Release Date. 03/12/12
Catalogue Number. BDDNL217
Tony Campbell aka Dobie returns with his second EP for Big Dada, leading up to the release early next year of his new album, We Will Not Harm You. As with his debut EP for the label, Dobie uses a background in hip hop and soul as a leaping off point for a full-on journey into sound that shows his ear for a catchy melody as much as his taste in raw, aggressive beats and an epic sensibility that owes as much to Sun-Ra as DJ Premier, to Adrian Sherwood as Carl Craig.
"I-Anomaly" leads things out - fast, aggressive and catchy-as-fuck, Dobie threads bleep back through crate culture and reminds us once again that he likes a b-line - and why we do, too. "Prozac" is more of a straight hip hip hop shuffle, with enough bottom for any drunk brosteppa, but half way through the berimbau explodes out of the gates and the whole thing ends like Thelonious Monk going latin at an end of the world party. "Sectioned", which follows, is hard as nails, all punishing bass and crazy polyrythms, drums to be abducted by aliens to - or sectioned by. "The Mouse" is perhaps the most remarkable piece of music here - running at 165bpm with a wobbling, manic bassline, the whole thing skitters along until a topline comes in which makes it feel as if the top of your head's been removed (trepanning can be very liberating…). "Day Release" takes us back to hip hop, the kind of off-centre groove that almost demands a Roots Manuva revox and which develops a strange logic all its own, the warmth of its bass sound atttesting to Dobie's knowledge of dub. Again and again Campbell makes instrumental music with a depth and originality, a belief in groove and grit, unmatched right now. The package is rounded out by a remix of "The Mouse" from French labelmates VISION, who give the original a very nice technoid groove and show why Dobie recognised fellow spirits when he heard their recent EP.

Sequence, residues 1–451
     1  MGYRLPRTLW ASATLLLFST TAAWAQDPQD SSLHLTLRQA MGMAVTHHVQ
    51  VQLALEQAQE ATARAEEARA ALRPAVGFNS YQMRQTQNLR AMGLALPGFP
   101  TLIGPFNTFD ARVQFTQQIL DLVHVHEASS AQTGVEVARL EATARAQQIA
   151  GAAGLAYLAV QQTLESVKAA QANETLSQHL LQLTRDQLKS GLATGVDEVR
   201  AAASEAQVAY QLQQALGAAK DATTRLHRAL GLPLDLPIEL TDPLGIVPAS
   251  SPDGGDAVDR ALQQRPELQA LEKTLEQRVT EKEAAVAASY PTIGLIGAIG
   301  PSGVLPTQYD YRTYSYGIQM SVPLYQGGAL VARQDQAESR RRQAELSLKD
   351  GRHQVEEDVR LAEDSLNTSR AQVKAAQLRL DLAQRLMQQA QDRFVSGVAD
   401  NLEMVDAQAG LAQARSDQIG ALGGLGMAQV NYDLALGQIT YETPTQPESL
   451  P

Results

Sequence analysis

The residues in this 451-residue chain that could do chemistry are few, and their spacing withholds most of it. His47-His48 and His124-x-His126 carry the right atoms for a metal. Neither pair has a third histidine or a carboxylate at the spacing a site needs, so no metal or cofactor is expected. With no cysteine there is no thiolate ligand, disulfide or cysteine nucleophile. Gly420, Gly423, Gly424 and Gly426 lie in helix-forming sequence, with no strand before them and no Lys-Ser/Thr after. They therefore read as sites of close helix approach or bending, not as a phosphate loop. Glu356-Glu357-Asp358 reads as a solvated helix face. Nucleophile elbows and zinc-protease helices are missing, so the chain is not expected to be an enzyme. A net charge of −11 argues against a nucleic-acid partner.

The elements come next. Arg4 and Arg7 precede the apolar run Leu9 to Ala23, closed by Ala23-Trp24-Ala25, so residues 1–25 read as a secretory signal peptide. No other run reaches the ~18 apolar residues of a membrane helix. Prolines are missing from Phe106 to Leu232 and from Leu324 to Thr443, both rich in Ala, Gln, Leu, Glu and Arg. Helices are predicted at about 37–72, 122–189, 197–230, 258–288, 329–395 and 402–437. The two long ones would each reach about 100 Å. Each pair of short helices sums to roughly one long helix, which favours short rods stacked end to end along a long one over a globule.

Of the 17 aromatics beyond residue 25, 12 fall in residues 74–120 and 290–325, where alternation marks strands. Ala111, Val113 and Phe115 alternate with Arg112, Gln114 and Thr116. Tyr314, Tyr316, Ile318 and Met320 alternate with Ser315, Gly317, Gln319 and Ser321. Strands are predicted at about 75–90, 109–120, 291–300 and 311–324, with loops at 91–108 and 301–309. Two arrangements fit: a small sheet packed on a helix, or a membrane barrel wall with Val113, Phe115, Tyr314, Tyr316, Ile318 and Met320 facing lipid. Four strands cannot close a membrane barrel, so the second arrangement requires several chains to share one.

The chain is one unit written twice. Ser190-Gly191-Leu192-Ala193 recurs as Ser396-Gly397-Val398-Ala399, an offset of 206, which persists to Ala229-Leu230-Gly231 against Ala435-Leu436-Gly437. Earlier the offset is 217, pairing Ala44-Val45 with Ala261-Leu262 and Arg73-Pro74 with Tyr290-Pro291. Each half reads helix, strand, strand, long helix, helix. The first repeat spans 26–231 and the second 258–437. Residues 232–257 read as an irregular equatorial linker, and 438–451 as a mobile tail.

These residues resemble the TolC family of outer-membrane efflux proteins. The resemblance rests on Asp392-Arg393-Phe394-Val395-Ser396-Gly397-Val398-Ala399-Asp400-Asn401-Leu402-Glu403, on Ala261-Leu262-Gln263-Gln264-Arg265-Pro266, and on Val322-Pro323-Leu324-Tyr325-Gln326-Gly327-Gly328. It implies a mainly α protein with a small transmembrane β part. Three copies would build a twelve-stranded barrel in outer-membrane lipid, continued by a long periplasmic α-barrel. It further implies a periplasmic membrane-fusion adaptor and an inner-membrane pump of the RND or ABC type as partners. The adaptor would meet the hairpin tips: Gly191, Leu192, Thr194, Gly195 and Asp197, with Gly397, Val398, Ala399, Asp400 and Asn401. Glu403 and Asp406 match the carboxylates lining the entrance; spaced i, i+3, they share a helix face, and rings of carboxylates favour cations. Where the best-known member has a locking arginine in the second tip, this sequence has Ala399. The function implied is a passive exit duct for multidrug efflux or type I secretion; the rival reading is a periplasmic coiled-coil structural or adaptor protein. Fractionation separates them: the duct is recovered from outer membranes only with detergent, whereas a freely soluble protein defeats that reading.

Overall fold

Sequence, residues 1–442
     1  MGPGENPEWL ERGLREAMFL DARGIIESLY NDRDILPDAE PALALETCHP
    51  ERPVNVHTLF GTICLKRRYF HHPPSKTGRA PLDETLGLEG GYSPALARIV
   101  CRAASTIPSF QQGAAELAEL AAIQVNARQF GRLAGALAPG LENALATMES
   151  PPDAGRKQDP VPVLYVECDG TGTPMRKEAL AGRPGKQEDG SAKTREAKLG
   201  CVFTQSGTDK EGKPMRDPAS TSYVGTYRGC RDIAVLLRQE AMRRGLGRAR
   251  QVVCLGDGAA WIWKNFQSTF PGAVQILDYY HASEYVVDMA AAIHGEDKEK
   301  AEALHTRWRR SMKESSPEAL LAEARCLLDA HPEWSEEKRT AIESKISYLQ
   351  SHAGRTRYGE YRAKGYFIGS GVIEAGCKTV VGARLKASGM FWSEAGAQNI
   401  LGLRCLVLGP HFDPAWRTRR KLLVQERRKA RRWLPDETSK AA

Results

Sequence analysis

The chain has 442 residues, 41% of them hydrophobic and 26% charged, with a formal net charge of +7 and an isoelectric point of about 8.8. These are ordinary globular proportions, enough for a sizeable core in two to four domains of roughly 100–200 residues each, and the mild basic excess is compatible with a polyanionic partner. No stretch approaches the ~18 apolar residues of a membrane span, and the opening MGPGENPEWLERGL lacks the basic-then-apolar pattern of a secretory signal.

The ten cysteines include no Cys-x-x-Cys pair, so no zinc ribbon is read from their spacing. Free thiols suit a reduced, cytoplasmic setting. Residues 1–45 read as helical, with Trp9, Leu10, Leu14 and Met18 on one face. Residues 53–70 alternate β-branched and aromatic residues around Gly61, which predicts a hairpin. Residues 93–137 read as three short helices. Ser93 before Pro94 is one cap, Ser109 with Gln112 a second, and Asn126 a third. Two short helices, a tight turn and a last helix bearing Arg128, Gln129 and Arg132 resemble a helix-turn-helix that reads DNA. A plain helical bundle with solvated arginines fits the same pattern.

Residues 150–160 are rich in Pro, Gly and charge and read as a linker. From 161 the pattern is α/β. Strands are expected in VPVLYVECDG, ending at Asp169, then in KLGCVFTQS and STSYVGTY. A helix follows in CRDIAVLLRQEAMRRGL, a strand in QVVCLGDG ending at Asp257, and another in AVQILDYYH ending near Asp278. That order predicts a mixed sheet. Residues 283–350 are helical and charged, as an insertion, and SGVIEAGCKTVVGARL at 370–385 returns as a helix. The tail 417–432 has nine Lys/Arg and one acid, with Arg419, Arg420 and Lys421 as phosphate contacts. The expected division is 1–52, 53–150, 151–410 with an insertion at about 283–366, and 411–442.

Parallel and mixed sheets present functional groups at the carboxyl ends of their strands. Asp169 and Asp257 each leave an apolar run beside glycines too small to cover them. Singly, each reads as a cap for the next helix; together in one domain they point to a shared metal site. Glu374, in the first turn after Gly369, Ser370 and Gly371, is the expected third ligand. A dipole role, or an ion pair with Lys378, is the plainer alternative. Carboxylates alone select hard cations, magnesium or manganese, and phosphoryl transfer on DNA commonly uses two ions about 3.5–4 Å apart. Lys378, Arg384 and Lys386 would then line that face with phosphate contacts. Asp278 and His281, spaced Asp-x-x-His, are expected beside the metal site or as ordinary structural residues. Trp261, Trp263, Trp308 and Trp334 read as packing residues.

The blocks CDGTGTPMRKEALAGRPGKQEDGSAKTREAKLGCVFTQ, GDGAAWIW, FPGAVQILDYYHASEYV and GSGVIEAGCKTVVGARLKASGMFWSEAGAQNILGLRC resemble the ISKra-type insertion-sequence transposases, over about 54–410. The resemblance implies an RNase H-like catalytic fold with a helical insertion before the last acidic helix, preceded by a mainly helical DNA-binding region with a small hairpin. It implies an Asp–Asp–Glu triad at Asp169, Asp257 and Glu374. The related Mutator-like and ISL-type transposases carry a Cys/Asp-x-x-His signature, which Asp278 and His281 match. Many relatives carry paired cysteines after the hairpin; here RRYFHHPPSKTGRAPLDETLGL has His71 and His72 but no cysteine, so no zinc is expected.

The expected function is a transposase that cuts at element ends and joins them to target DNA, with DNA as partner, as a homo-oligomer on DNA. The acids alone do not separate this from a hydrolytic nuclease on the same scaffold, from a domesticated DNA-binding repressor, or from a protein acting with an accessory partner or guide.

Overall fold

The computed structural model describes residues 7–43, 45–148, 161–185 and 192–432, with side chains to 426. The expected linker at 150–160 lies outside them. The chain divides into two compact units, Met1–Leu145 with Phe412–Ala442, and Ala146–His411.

Dobie is a legendary figure in British bass music and beyond. From working on the first two Soul II Soul albums, he went on to produce London Posse's all-time classic "How's Life In London?" before recording a solo LP for Pussyfoot, The Sound Of One Hand Clapping, which went some way to defining the "trip hop" sound now enjoying something of a rebirth. In between he has remixed everyone from Bjork, Massive Attack, Les Negress Vertes and Tricky to Gangstarr, Wooky and Wiley and recorded for a host of labels including Gilles Peterson's Brownswood and BBE, as well as producing and mixing for the aforementioned Roots Manuva. And that's before you even get into his time as a legendary skateboarder and a photographer of that crowd as well as the nascent UK hip hop scene. A truly amazing figure, his role in Black British culture from the '90s onward is a story waiting to be told.